I’ll never forget something my Dad told me before he sent me off to my freshman year at college.

“If you come back with a 4.0, I’m going to be disappointed.”

What… whaaa?  Did I hear that right?  Did THAT just come out of the mouth of my Dad who was the rulekeeper/disciplinarian …. and not to mention my COACH in basketball for eight years who always encouraged me to be my best….  Did he just tell me to NOT get a 4.0?

After seeing my facial reaction that expressed those sentiments, he continues, “If you come back with a 4.0, I’ll know that you spent too much time in the library stressing over a test… and not enough time enjoying the “life” experiences.”

I’m not sure if my Dad even remembers telling me that, but I can tell you it’s one of the best lessons I ever learned from him.  Did I think he meant that I should just skip class, blow off studying and be off getting into trouble?  Of course not.  He taught me better that that.  He was just letting me know that there was another kind of education that was just as important to get in college… which are those lessons learned when you’re on your own and experiencing a new phase of life.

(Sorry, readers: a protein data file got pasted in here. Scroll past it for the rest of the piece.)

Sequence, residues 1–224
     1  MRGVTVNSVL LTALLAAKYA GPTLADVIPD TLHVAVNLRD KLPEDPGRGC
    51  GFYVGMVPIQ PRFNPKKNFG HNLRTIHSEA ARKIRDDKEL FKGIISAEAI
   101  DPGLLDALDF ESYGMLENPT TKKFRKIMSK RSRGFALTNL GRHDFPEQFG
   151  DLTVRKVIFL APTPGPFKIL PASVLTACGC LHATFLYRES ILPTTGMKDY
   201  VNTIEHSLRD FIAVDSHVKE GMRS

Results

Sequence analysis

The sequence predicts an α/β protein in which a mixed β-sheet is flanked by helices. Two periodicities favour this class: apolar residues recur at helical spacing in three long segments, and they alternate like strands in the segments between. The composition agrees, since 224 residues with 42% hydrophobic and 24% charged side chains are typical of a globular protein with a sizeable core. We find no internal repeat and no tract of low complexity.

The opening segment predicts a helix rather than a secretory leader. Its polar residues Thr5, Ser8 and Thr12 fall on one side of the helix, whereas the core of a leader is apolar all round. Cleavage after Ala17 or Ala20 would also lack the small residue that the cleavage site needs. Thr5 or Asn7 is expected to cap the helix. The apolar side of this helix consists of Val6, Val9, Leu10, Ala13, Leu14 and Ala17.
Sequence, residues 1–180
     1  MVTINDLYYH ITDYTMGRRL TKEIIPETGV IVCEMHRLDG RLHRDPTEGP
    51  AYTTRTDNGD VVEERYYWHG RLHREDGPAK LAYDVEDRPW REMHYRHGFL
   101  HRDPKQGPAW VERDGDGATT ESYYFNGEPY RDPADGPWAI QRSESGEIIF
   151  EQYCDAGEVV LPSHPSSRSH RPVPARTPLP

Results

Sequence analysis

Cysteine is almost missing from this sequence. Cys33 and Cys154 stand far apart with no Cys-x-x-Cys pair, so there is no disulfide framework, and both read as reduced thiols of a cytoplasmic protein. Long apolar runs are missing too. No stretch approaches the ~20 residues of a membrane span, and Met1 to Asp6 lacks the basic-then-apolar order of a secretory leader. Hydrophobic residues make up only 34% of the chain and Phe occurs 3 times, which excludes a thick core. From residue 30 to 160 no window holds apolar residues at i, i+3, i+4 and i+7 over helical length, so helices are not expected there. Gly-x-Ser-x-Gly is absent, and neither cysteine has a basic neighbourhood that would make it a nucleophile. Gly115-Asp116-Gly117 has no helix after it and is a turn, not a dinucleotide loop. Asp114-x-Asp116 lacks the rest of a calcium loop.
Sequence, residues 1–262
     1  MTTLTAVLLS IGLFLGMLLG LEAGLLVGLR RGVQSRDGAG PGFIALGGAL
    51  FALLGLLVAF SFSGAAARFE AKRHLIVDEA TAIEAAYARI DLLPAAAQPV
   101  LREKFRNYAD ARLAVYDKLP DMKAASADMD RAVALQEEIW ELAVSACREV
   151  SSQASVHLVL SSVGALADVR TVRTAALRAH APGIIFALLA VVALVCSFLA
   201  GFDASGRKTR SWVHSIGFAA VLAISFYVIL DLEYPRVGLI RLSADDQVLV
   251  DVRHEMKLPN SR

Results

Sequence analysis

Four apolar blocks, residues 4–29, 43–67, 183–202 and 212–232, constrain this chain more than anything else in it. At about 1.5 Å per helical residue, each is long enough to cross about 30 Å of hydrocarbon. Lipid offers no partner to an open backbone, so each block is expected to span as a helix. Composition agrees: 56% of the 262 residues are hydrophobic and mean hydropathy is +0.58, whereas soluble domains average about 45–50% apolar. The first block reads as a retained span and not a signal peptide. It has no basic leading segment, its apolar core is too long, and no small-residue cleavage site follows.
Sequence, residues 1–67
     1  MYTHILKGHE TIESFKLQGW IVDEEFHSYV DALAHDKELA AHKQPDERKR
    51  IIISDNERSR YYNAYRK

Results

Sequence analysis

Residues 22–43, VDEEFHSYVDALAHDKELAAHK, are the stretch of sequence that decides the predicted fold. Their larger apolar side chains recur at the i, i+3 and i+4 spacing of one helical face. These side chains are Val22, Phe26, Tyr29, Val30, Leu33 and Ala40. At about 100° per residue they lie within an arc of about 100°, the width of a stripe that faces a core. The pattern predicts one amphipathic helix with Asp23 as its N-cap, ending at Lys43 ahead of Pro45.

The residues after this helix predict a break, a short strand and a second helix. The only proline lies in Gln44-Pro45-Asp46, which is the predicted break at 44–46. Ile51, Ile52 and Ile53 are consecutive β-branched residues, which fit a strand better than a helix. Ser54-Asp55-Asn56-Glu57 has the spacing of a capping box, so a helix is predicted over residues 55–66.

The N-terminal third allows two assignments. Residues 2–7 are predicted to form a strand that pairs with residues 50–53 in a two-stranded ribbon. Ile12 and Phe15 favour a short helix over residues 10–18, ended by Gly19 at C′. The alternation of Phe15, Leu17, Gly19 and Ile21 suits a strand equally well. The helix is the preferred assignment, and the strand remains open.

Looking back on my college photo albums, it’s pretty obvious I took his advice to heart (and also that someone should have spoke up about that outfit I thought was cute) While I still came out of school with the educational things I needed to start my career – I learned a heck of a lot more outside those classroom walls.   Like that didn’t-see-that-coming friendship I made with a dorm-room floormate from DC with whom I couldn’t have had less in common, but found a way to build a really neat friendship. Or those I-80 drives to-and-from school with my best friend eating sunflower seeds and talking about boyfriends.  Or my mentor/friend at my internship who taught me through example not only what it meant to be a strong woman in a man’s industry, but how to find joy, laughter and meaning in every moment.